When classified advertising specialist Junk Mail Publishing was founded in 1992, few people had heard of the Internet. Seventeen years later, the worldwide computer network has turned entire industries on its head, not least of them publishing.
Junk Mail, which produces dead-tree products in Junk Mail, CapeAds, and AutoMart, among others, has been forced to completely change the way its does business — and embrace an uncertain future. It has had to embrace the “free” culture described so well by Chris Anderson in his controversial new book, Free: The Future of a Radical Price. Anderson reckons people under 30 won’t pay for information because they have come to expect it to be free.
Junk Mail, like many traditional publishers, had long dominated its space. It had come to market with a radical idea of its own: it allowed people to place ads for free and get people to pay a premium for its magazines, knowing readers would be prepared to stump up cash to have access to a vast catalogue of advertising.
The concept worked and Junk Mail took off, taking market share from newspaper groups that continued to charge people to place ads.
Business was good for a long time, and Junk Mail expanded its operations across the country.
But trouble was looming on the horizon.
By the mid-1990s, the Internet had started gaining traction. And in 1996, a San Franciscan, Craig Newmark, launched a then-small, free classified advertising website called craigslist. Today, Craigslist is the world’s biggest classifieds website, serving up more than 20bn Web pages a month. It’s among the top 10 most visited websites in the US.
Craigslist makes money, but not very much of it. It costs nothing for the vast majority of people wanting to advertise on Newmark’s site. The only people who pay are real estate agents and those posting jobs ads.
At Junk Mail, things were flying. The company had embraced the Internet early on — it launched a website in 1997 but put it behind a pay wall to protect its print business. It was working. “Everything we touched turned to gold,” says Junk Mail MD Felix Erken, pictured.
But Junk Mail became too comfortable in its position. It was aware of Craigslist, sure, but because it dominated the SA classified advertising market so thoroughly, it felt it was immune.
But it wasn’t.
Craigslist rival Gumtree, an online classified service owned by US online auctions giant eBay, turned Junk Mail’s world upside down. Like Craigslist, just about everything on Gumtree is free — from placing ads to reading and responding to them.
“Suddenly, Junk Mail, the king of classifieds, was under threat from guys who have never been to this country and probably never will come, with these monster websites that they have spreading out all over the English-speaking world,” Erken says.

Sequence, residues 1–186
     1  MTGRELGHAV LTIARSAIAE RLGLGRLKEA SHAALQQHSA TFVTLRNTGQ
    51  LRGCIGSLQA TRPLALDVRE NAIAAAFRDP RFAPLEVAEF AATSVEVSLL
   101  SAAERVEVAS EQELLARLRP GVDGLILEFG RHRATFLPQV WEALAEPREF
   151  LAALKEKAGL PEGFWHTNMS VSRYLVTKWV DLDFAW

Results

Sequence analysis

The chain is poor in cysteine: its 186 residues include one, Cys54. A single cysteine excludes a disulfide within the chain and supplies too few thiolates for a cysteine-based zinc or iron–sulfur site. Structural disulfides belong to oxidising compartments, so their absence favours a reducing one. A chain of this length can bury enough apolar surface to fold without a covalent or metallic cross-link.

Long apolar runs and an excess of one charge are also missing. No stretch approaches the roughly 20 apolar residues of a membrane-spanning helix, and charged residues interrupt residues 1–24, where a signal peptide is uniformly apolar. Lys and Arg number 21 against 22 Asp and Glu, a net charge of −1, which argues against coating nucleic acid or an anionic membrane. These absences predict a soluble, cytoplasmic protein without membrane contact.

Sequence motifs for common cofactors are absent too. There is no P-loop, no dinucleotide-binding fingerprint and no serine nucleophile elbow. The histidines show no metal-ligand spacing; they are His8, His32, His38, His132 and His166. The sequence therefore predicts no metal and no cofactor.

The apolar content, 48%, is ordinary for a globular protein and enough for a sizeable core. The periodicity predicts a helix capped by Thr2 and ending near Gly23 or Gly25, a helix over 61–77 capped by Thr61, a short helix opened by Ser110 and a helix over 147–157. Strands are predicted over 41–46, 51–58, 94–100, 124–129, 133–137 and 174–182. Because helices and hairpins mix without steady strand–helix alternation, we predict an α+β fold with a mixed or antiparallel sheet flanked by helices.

Gumtree, which employs powerful search-engine optimisation techniques to drive traffic to its website, established a significant presence in the Cape Town market.
Junk Mail’s subscription-based model couldn’t compete. “We were having our lunch eaten by these guys,” he says. “It’s remarkable how destructive the Internet can be.”
A radical rethink was urgently needed. So, earlier this year, Junk Mail threw caution to the wind and switched direction completely, tossing out its online subscription model and embracing the world of “free”.
And guess what? It’s working. Well, kind of.
“In the past eight months we’ve grown our online unique visitors by 500% and we have more ads placed with us now than we have had in the 17 years we’ve been in business.”
All the ads placed online are also duplicated in print, so, ironically, the company is leveraging the Internet successfully to support its print product.
There’s one catch, though. “We took a huge knock,” says Erken. “But we’re not worried about money for now, we’re worried about getting our market back.”
For now, he says, it’s about saving the business from a tenacious rival.
That meant changing the mindset of the company. “It’s not about protecting print anymore,” Erken says. “We are behaving like an online-only business. Print was a sacred cow for us. Now we’re eating T-bone steaks.
“We will never think about print anymore when making a decision about online.”
But how will Junk Mail make money in a world where everything is given away for free?
“I don’t care about that right now,” declares Erken. “I just want to get market share.”
Junk Mail has declared war on Gumtree. “They had an easy fight against us. No longer.” — Duncan McLeod, TechCentral